This year, one movie was able to bridge the gap between geek and chic, using a compelling story and brilliant special effects to satisfy both fanboys and the average American. That movie was “Transformers.” Hoping to capitalize off the vast amount of money drawn in by that film, “Dragon Wars” — also billed as “D-War” — came quickly to America in order to sharpen the appetite of those searching for a brilliant sci-fi/fantasy flick.
Unfortunately, that hunger is not satisfied here. “Dragon Wars” has received plenty of buzz thanks to an aggressive marketing campaign and its infamy as the most expensive film South Korea has ever produced. Yet the shoddily made picture, backed by shockingly poor special effects, only leaves theatergoers wondering how all of that money was actually spent.
The convoluted and needlessly complicated story revolves around Ethan (Jason Behr) who realizes that he is the reincarnation of a legendary warrior who must keep dragons from destroying the earth. The key to victory comes with the help of Sarah (Amanda Brooks), who has a spirit that can keep the dragons at bay. Or something like that.
Though the first half of the film is almost entirely devoted to explaining the story behind the war of good and evil dragons, it is so full of fantasy mumbo jumbo that the script is nearly indecipherable. The dialogue sounds like it was written as subtitles to a kung-fu movie, delivered by actors who, though clearly American, do not deliver lines with the grace of a native English speaker. Acting school was clearly a route less traveled by the majority of the cast, who work the screen with the nuance of a Pet Rock, issuing one blank, bored stare after another.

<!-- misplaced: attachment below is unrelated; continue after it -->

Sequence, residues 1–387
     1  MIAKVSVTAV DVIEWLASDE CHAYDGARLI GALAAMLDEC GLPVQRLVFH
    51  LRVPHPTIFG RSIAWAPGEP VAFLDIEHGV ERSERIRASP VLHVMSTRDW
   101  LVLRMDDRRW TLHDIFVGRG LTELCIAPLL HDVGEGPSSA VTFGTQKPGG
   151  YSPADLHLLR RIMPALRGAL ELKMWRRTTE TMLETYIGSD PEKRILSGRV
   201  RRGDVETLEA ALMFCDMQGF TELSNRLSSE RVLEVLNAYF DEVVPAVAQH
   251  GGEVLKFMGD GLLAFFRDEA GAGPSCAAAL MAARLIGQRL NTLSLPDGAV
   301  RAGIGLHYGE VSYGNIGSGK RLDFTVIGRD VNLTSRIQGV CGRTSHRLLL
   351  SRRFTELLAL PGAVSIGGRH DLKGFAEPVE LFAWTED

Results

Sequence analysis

Whatever steam lost during the talky first half is recovered during the second, where the dragons, for whatever reason, fight among themselves and humans in modern-day Los Angeles. All of the script’s shortcomings are revived in these battle sequences, though they are more frequent than original. It is hard to enjoy fast-cutting scenes as derivative as these, which reinterpret (i.e. steal) the best moments from disaster movies ranging from 1997’s “Starship Troopers” to 2005’s “King Kong” remake. In fact, producers ripped one of the film’s most anticipated sequences, a massive dragon scaling a skyscraper and facing an aerial assault, straight from the classic Kong script.
Kudos to the writers for giving the viewer what they ultimately want, but the digital work leaves much to be desired. In today’s world of hyperadvanced computer-generated films, “Dragon Wars” seems like a dinosaur. Its special effects may fly in an Iron Maiden music video, but not in mainstream media. The film gets especially killed by the small details: overhead shots of dragon armies that look as though they came out of the game Zelda, actors awkwardly emoting toward monsters that aren’t really there and layered shots that do not blend.
Ultimately, “Dragon Wars” takes itself far too seriously to deliver jokey thrills. Mis-steps mar the film’s tone even through the post-apocalyptic, overwrought metaphor of an ending. Errors in visual effects could have been remedied by a more lighthearted tale, one with the ability to laugh at the sheer audacity of its story while still providing roller coaster thrills. The film would have been gold in the hands of a director such as David R. Ellis, who made last year’s “Snakes on a Plane” such cheesy fun. “Dragon Wars,” on the other hand, will leave theaters not with a roar, but with a whimper and a future limited to DVD cut-out bins.
“Dragon Wars” was written and directed by Hyung-rae Shim.
“Dragon Wars” received one out of four stars.